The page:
Loads. I think it’s vitally important for writers to expose themselves to as many different ideas as possible, regardless of your preferred genre. I’ve always read widely, and incorporated ideas from all over the place, to try to bring something new to the horror field, rather than just replicate what others have done. Ray Bradbury was a huge influence. James Ellroy. Hubert Selby Jr. Philip Pullman. I’ve also been strongly influenced by movies, and again, by all different types of films. For instance, Procession of the Dead, one of Darren Shan books for adults, was inspired by Miller’s Crossing by the Coen Brothers.
How do you feel about the whole YA branding, and in particular age certifications on books? Is it a gimmick? It would be pretty hard to get an ‘18’ wouldn’t it? Would you rate ‘An Other Place’ a ’15’ or a ‘12A’ or something else?
I like the YA branding. It wasn’t in place when I started out with Cirque Du Freak, and I’d have to define myself as a guy who wrote children’s books, then always add, “but not, you know, for little kids, but older ones and teenagers.” It’s a lot simpler to be able to just say I write for YA. As for age certs — I’m dead against them. This was mooted in the UK several years ago by the publishing industry, and pretty much every children’s and YA author stood against it, for various reasons. You can’t apply the same arguments to books that you can to movies or video games, i.e. that “innocent” children can be accidentally exposed to them, and traumatised by the experience. An adult book requires all sorts of levels of sophistication to read. A child can’t stumble into that world. It’s something a reader seeks out. I’m of the opinion that if that desire and ability to read a book for adults is there, then a reader is probably ready for that book.
If you could erase one YA literature cliché what would it be?
I didn’t know there were any!
In writing for adults instead of kids what are the main things you do differently in writing for kids?
Well, on an obvious level, I’m free to include sexual scenes, and the characters can talk more realistically, i.e. they swear. I know there are plenty of YA writers who include sexual scenes and swearing in their work, but I guess I’m a bit old-school that way, and save my saucier scenes for the adult books. On a much more important level, my adult books tend to be a bleaker experience. When writing for teens, I make hope the core of the story. As bleak as things get, they’re books about people who are fighting the good fight and trying to triumph over evil. On the adult side I’m more interested in exploring the human condition, looking at people in all their various states. A good, gripping story always comes first for me, but around that I like to deal with main characters who are often greedy, self-absorbed, deeply flawed. In The Evil and the Pure, one of the characters pimps out his teenage sister. In An Other Place, the main character isn’t especially likeable and treats women very poorly. My adult books aren’t necessarily any gorier than my YA books, but they work on a much more disturbing level.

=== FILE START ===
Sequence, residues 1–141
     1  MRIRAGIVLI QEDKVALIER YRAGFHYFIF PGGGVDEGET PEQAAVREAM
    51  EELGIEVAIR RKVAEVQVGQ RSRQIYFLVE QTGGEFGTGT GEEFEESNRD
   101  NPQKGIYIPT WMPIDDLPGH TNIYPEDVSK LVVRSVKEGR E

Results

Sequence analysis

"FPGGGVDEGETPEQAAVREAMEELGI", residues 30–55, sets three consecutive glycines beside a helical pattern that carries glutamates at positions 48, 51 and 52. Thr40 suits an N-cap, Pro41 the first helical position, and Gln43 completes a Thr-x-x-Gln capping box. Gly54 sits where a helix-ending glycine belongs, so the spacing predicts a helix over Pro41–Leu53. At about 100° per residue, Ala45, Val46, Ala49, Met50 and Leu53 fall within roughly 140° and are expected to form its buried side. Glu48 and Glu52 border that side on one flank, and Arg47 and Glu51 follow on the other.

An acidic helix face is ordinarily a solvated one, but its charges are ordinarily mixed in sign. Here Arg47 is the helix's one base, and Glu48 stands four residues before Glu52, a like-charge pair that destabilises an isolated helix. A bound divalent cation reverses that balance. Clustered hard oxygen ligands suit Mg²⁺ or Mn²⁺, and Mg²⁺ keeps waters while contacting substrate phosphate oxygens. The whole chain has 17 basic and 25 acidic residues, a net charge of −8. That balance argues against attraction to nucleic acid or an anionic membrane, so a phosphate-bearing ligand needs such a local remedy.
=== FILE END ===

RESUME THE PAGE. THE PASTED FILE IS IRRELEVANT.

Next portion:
How positive has Darren Dash been received thus far? Do you think kids who grew up on Darren Shan have graduated to your alter ego? Do they all know of him do you think?
The reaction has been far more positive than I anticipated. I did shop out a couple of the Dash books to publishers, who tended to react with revulsion, and I was told that they might have a negative impact on my YA work, since they were so dark. But readers and reviewers have taken the books to heart. You can’t please everyone, of course, but for the most part the response has been overwhelming. Most of the fans tend to be people who read my YA books, and have either grown up since then, or were adults when they read them, but I’m getting other readers too, people who are discovering the books as word slowly spreads. I have a feeling, based on the feedback, that they might be enjoying a higher degree of commercial success if I was with a publisher, or had the time to promote them more aggressively, but for the time being I’m not in a position to act on that, as I’m kept pretty busy by my “day job.”
Kid’s authors trying their hand at writing adult novels and visa versa is fraught with danger. Many have failed miserably. JK Rowling is an obvious example of huge success, Cliff McNish recently wrote a brilliant adult horror novella and Gregg Hurwitz wrote his first YA novel ‘The Rain’ recently which Ginger Nuts loved. Why do you think there have been so few success stories?